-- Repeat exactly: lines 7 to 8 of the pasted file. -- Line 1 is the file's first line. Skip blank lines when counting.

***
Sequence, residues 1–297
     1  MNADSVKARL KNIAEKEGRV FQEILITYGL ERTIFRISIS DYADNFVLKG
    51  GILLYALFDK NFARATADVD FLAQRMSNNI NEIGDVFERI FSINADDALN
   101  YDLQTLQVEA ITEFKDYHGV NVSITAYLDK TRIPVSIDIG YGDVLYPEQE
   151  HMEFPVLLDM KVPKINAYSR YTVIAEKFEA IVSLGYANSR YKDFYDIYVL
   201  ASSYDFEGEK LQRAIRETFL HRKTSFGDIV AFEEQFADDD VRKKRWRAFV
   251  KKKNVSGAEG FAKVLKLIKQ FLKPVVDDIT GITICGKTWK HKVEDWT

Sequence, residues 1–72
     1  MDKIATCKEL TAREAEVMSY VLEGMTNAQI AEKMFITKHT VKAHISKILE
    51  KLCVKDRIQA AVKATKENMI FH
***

   251  KKKNVSGAEG FAKVLKLIKQ FLKPVVDDIT GITICGKTWK HKVEDWT

Sequence, residues 1–72